Successful SM-3 Test To Inform Production Decision

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WASHINGTON — A Raytheon-built Standard Missile (SM)-3 Block 1B interceptor successfully destroyed a separating, short-range target missile May 15 in a test over the Pacific Ocean that the company said will inform an upcoming production decision on the program.

In separate press releases, Raytheon Missile Systems of Tucson, Ariz., and the U.S. Department of Defense said the sea-based interceptor destroyed the separating mock warhead via impact. “Initial indications are that all components performed as designed, officials said, and program officials will assess and evaluate system performance based on telemetry and other data obtained during the test,” the Pentagon said.

It was the third consecutive successful intercept of the SM-3 Block 1B and its Lockheed Martin-built Aegis Ballistic Missile Defense 4.0 fire control system, the Pentagon said.

The SM-3 Block 1B, one of two variants of the SM-3 interceptor family still in development — the Block 1A is deployed and operational aboard U.S. Navy ships — failed in a September 2011 test, prompting concern that the program was being put into production prematurely. The U.S. Government Accountability Office recommended deferring full-rate production of the Block 1B pending completion of a third straight intercept test, and the U.S. Missile Defense Agency concurred with that recommendation.

Raytheon said the test was carried out against a sophisticated target under challenging, wartime conditions, and that the resulting data will be used to support the upcoming production decision on the program. “Today was the third successful test of Raytheon’s next-generation SM-3, and it should give us all great assurance in our nation’s ability to take on a wide range of ballistic missile threats,” Taylor Lawrence, president of Raytheon Missile Systems, said in a prepared statement.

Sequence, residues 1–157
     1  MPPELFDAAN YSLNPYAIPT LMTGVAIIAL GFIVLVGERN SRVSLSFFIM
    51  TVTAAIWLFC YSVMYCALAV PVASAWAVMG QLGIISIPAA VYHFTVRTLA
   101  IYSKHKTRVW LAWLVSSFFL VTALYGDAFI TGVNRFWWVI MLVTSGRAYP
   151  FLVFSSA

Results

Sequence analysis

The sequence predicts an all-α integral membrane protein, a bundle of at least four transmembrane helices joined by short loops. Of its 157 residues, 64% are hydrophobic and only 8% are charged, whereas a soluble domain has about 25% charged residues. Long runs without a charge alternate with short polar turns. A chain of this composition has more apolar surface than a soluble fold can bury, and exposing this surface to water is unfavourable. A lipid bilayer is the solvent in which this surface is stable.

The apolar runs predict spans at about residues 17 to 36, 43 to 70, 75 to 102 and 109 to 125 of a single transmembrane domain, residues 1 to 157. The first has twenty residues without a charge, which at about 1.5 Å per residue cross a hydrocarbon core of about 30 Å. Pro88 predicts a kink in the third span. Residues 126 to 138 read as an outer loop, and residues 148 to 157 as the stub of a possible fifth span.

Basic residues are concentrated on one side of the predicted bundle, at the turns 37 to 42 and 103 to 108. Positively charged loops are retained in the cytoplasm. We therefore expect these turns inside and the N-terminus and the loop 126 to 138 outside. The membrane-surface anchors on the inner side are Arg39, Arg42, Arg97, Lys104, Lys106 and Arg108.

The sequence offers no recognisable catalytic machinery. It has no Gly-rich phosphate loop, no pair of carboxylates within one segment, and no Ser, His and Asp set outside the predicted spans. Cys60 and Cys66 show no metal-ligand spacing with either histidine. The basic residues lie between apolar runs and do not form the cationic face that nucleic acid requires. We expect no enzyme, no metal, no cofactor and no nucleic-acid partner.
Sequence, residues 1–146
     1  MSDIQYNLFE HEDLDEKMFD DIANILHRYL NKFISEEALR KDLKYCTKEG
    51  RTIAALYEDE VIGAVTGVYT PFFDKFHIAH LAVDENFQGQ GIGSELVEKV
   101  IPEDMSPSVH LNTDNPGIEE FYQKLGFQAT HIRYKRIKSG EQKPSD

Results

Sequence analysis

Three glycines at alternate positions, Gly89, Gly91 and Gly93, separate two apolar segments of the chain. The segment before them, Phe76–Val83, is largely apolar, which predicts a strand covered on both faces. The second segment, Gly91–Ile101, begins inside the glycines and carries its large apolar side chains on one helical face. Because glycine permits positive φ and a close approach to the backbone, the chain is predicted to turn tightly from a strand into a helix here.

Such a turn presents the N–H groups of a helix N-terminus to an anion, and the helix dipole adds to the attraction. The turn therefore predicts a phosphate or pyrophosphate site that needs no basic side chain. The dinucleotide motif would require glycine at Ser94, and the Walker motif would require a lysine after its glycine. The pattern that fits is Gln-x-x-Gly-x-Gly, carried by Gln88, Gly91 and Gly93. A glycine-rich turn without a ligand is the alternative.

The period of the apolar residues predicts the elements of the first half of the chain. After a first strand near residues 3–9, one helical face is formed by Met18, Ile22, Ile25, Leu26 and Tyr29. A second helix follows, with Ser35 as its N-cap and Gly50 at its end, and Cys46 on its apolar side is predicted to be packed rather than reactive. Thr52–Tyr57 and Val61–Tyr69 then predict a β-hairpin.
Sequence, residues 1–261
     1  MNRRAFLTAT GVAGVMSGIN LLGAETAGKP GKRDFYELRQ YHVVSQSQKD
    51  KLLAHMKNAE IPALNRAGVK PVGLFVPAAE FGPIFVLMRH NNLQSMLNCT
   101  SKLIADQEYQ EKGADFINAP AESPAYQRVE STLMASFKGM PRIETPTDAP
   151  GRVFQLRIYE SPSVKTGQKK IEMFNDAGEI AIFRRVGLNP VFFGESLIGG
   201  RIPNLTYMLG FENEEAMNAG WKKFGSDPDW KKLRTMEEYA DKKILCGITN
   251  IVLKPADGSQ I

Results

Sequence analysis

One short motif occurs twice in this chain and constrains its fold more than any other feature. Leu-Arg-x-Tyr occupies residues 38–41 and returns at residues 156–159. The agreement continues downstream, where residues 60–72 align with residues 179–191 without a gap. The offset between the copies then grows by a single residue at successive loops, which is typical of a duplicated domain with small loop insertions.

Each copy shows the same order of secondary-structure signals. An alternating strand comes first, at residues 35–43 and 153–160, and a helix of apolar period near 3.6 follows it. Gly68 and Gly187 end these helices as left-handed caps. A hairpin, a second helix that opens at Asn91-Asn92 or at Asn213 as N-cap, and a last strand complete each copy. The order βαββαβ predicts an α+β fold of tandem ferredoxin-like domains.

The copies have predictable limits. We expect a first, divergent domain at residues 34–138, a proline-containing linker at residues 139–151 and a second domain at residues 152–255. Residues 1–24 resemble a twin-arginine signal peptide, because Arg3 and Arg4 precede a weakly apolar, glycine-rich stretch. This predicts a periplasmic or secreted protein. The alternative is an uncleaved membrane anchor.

The SM-3 Block 1B used in the test was launched from the U.S.S. Lake Erie and destroyed a target launched from Pacific Missile Range Facility on Kauai, Hawaii. The interceptor maneuvered toward its target based on guidance from the shipboard Aegis system and then released its kinetic kill vehicle, which acquired the “target re-entry vehicle” and destroyed it via collision in space.

Designed to intercept short- to intermediate-range missiles, SM-3 Block 1B features a two-color seeker and a throttleable divert and attitude control system that propels the kill vehicle to its target, Raytheon said.